Diffractions of the Local “Latinizes” the Vancouver Eastside

Written by: Susan Lizeth Bernal Clavijo

Edited by: Megan Hunter

Diffractions of the Local, November 6th – 18th, 2013.

Directed by: Mónica Reyes  @ Back Gallery Project 

Back Gallery Project, 2013. Courtesy of the gallery.

Back Gallery Project, 2013. Courtesy of the gallery.

Vancouver Eastside’s very own Back Gallery Project has brought to life Diffractions of the Local; a group show comprising the multidisciplinary work of seven Visual and Performance artists that have two things in common: they have been born and raised in Latin American countries, and currently reside in the city of Vancouver.

Diffractions of the Local proposes to “latinize” Vancouver’s highly cultural Strathcona from November 6th to the 18th, 2013 through durational live performances, 2D text art and videos, sculpture and an architectural intervention to the gallery space.

I conducted an interview with Cuban artist Manuel Piña in his studio at the University of British Columbia in October 2013 in which we discussed the exercise of addressing Latin American identities in art making, amongst other existentialist topics. As a Colombian Visual Artist in Vancouver, I had yet to discover a network with which to associate myself, since only 1.36% of the Vancouver demographics belongs to the Latin American population[1]. I stepped into the Back Gallery Project on the night that Diffractions of the Local opened, hopeful of making such discovery; and thankfully, I succeeded.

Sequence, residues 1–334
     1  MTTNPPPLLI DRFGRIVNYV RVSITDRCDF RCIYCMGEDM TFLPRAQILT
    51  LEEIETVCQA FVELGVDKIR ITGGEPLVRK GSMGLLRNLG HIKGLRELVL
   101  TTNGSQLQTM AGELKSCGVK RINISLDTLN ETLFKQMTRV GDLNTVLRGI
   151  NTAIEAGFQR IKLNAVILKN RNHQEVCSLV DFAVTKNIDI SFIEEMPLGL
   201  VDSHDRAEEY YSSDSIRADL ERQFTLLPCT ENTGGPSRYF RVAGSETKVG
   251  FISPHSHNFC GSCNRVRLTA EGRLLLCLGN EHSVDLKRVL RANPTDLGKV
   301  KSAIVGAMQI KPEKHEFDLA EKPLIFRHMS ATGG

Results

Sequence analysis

Three artworks in particular fulfilled every need and desire I had towards the success of this exhibition. They have a magnificent correlation between one another, not so much physically but conceptually, politically and socially.

Guadalupe Martínez’s architectural intervention consisting of a vibrant gold fabric stretched and twisted in, around and over concrete block structures greets me as soon as I step in the gallery. The site-specific installation begins at the middle of the gallery’s floor and ends at the back entrance door attracting the viewer’s gaze towards the architecture detailing of the location. The fabric travels from point A to point B by being wrapped around the piping system of the ceiling like it goes through the journey of gently caressing the space. The grey cinderblocks are reminiscent of the Vancouver scenery, and juxtapose the soft, colourful and organic flow of the fabric which allows us to understand Martínez’s visual proposal to inject her female, colourful and soft Argentinian spirit into the city she currently resides in. Martínez’s art production has a strong performative character through which she is able to reanimate under-utilized materials. This is precisely what can be perceived from Segundo Escape / Second Escape as the cemented blocks seem to lose their heavy physical weight to the light fabric.  The latter then positions itself as the pulling force out of the two materials and gives the installation a bodily flowing movement.

Guadalupe Martinez. Segundo Escape / Second Escape. 2013. Assembled cinderblocks and fabric. Back Gallery Project.

Guadalupe Martínez. Segundo Escape / Second Escape. 2013. Assembled cinderblocks and fabric. Back Gallery Project.